Pro-Russian rebels reject peace deal, launch new offensive
DONETSK, Ukraine (AP) Pro-Russian rebels in eastern Ukraine rejected a previously signed peace deal Friday and launched a new multipronged offensive against Ukrainian government troops, upending recent European attempts to mediate an end to the fighting.
The main separatist leader in the rebellious Donetsk region vowed to push Ukrainian soldiers out of the area and said insurgents would not take part in any more cease-fire talks. Another rebel went even further, saying they would not abide by a peace deal signed in September.
Separatist leader Alexander Zakharchenko said rebel fighters went on the offensive to gain more territory and forestall a Ukrainian attack. He declared they would push government troops to the border of the Donetsk region and possibly beyond.
"Attempts to talk about a cease-fire will no longer be undertaken by our side," Zakharchenko said.
The peace deal signed in September in the Belarusian capital of Minsk envisaged a cease-fire and a pullout of heavy weapons from a division line in eastern Ukraine. It has been repeatedly violated by both sides, and heavy artillery and rocket barrages have increased the civilian death toll in the last few weeks.
Foreign ministers from Russia, Ukraine, France and Germany agreed Wednesday to revive that division line, but fighting has continued unabated. The U.N. human rights agency on Friday raised its estimate of the conflict's overall death toll to nearly 5,100 since April.
The tentative peace deal forged this week in Berlin called for Ukrainian troops and Russian-backed separatists to pull back their heavy arms 15 kilometers (9 miles) on either side of the line, although there was no agreement on a withdrawal of troops.
But rebel spokesman Eduard Basurin threw that agreement into doubt, saying the insurgents "will no longer consider the Minsk agreement in the form it was signed," although he added that they will remain open for peace talks.
Basurin's bold statement contradicted the official position of Russia, which has repeatedly pledged respect for the Minsk agreement, even though it has been reluctant to meet its end of the deal, which also requested the withdrawal of foreign fighters and the monitoring of the Russian-Ukrainian border by the Organization for Security and Cooperation in Europe.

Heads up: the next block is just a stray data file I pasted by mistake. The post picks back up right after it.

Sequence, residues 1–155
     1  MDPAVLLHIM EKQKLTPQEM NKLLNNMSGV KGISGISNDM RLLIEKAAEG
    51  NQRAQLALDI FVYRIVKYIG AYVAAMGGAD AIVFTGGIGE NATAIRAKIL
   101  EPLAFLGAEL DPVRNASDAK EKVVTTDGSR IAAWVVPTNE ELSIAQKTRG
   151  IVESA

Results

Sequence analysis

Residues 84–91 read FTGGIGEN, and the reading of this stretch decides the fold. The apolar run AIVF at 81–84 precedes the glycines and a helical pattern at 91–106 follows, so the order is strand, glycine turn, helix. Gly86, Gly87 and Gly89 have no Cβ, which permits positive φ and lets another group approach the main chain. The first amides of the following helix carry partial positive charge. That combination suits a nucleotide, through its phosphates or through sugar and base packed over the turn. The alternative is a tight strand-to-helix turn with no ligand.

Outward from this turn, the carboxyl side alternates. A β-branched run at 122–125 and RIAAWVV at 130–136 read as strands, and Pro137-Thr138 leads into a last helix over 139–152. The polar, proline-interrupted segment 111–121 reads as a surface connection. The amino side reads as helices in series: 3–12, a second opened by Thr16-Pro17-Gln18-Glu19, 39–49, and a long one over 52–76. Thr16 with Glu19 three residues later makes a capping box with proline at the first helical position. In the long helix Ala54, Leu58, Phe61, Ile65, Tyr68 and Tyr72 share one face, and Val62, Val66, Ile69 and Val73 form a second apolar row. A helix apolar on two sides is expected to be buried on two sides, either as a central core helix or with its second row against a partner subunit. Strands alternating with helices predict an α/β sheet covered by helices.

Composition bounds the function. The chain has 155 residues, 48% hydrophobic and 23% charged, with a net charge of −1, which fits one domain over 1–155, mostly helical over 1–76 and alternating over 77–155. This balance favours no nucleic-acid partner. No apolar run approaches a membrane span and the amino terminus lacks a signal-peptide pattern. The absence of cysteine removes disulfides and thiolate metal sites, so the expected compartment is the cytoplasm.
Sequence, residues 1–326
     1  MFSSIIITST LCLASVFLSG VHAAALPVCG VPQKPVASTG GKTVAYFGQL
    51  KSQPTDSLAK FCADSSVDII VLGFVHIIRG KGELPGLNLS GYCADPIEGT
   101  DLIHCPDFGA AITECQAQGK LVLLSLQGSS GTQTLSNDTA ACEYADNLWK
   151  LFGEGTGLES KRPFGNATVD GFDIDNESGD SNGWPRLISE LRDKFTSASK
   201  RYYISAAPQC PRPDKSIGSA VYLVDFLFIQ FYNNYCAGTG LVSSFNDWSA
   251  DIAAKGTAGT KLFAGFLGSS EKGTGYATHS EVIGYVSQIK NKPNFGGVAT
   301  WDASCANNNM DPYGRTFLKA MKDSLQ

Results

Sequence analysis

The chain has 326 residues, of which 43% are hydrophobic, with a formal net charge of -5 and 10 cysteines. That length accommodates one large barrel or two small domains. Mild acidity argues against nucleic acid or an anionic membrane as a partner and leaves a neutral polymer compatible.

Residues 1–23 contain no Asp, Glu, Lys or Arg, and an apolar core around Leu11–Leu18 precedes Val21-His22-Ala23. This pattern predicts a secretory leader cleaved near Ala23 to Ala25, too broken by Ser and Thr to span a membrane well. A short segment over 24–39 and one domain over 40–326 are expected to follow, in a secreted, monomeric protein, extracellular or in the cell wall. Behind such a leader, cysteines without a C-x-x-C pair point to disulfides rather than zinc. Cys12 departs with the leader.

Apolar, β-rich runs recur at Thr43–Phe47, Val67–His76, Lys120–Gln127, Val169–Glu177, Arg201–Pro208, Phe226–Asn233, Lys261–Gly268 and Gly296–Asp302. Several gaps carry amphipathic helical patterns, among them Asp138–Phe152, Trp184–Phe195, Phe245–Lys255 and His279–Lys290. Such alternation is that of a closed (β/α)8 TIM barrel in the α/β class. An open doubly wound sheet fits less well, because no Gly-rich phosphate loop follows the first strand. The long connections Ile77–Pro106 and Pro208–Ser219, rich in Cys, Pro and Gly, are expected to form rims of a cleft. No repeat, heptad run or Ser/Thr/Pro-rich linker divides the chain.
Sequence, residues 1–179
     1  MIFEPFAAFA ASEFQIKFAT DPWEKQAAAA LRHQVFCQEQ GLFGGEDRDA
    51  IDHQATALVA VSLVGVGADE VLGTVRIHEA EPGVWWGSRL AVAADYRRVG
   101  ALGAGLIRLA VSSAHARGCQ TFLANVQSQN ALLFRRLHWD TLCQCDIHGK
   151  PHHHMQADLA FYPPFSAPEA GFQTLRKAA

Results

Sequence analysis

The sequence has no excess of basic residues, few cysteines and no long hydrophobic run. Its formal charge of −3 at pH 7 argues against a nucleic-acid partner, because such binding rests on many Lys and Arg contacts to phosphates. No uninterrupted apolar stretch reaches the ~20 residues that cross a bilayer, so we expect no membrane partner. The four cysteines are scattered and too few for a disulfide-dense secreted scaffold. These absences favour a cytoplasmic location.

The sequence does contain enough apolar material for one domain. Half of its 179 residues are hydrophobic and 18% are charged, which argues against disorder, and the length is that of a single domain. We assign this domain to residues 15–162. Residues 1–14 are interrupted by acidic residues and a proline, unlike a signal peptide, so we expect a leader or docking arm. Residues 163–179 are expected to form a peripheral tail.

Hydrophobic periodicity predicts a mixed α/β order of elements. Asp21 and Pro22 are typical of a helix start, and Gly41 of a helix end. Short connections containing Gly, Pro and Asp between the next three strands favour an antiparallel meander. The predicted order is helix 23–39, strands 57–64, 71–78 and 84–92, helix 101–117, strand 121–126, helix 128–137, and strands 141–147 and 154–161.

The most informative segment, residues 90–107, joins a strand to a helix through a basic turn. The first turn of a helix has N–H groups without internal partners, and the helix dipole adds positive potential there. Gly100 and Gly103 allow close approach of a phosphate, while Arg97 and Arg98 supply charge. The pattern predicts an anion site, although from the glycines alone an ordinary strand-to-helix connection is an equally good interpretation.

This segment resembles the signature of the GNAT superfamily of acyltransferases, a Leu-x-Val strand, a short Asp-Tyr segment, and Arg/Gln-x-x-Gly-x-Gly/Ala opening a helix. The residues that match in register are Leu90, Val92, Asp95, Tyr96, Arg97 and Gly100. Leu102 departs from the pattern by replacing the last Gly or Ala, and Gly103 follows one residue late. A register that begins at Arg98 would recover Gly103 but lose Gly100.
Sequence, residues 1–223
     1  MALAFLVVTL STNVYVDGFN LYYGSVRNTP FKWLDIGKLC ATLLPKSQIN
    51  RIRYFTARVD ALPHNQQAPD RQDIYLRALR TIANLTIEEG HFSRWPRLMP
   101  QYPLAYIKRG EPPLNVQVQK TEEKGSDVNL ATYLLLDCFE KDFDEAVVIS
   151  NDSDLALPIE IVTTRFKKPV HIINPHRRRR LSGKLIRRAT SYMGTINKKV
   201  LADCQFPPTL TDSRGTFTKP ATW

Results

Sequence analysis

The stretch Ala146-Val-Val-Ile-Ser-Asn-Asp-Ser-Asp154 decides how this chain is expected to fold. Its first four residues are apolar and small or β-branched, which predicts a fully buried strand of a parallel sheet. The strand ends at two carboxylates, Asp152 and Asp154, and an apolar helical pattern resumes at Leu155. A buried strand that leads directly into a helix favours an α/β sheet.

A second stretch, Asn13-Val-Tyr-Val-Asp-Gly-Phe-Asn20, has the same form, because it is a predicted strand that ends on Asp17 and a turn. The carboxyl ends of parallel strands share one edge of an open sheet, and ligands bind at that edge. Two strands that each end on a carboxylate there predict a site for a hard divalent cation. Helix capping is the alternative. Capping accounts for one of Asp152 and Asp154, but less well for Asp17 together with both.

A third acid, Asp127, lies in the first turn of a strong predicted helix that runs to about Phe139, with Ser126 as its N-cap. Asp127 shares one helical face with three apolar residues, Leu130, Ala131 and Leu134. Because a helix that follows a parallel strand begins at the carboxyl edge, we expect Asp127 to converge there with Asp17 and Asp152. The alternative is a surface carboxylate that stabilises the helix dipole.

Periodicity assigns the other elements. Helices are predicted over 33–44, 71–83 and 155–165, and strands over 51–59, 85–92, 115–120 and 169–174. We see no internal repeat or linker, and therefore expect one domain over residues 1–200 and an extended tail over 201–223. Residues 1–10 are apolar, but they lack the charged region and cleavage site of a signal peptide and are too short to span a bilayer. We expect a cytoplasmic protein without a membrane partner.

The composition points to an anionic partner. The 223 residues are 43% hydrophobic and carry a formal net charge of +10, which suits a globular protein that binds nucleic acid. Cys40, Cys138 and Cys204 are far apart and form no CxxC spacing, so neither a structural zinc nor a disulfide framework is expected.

Battles intensified last weekend over Donetsk airport, a gleaming showcase for the Euro 2012 soccer championship that has been reduced to rubble by months of clashes. Rebels eventually took control of its terminal. Fighting has continued on its fringes.
Zakharchenko said rebel fighters were advancing in three directions in the Donetsk region and also pressing their attack in two other areas in the Luhansk region.
"We will hit them until we reach the border of Donetsk region, and ... if I see the danger for Donetsk from any other city, I will destroy this treat there," he said.
A top NATO official confirmed that rebels had pushed west and received reinforcements. U.S. Air Force Gen. Philip Breedlove said air-defense and electronic-warfare equipment have been detected in eastern Ukraine hardware that, in the past, coincided with the incursion of Russian troops into Ukraine.
A pro-Russian insurgency flared up in April in the Donetsk and Luhansk regions in eastern Ukraine following Russia's annexation of Ukraine's Crimean Peninsula. Russia insists that it does not support the rebels, but Western military officials say the sheer number of heavy weapons under rebel control belies that claim.
At the international economic forum in Davos, Switzerland, a Russian deputy prime minister vowed that Moscow would not be cowed by the sanctions the West has imposed upon Russia for its actions in Ukraine.
Igor Shuvalov warned the West against trying to topple Russian President Vladimir Putin, reflecting the Kremlin's view that the European Union and U.S. sanctions are aimed at regime change.
"When a Russian feels any foreign pressure, he will never give up his leader," Shuvalov said Friday. "We will survive any hardship in the country eat less food, use less electricity."
The Russian currency has lost half its value in recent months from the double blow of sanctions and a plunge in world oil prices.
Ukrainian President Petro Poroshenko said stern retribution would await anybody violating the peace. After a speech Wednesday at Davos, he rushed home to deal with the escalating fighting.
"If the enemy doesn't want to abide by the cease-fire, if he doesn't want to put an end to the suffering of peaceful people, Ukrainian villages and towns, we will smash them in the teeth," Poroshenko told top defense officials.
In Washington, U.S. State Department spokeswoman Jen Psaki voiced concern about the increasing bloodshed.
"Ukraine has implemented cease-fire after cease-fire, but the Russia-backed separatists have responded with violence," she said, citing 1,000 attacks since early December and the deaths of 262 people in the last nine days.
Russia, she added, "holds the keys to peacefully resolving a conflict it started and bears a responsibility to end the violence."
Associated Press writers Matthew Lee in Washington and Vladimir Isachenkov in Moscow contributed to this report.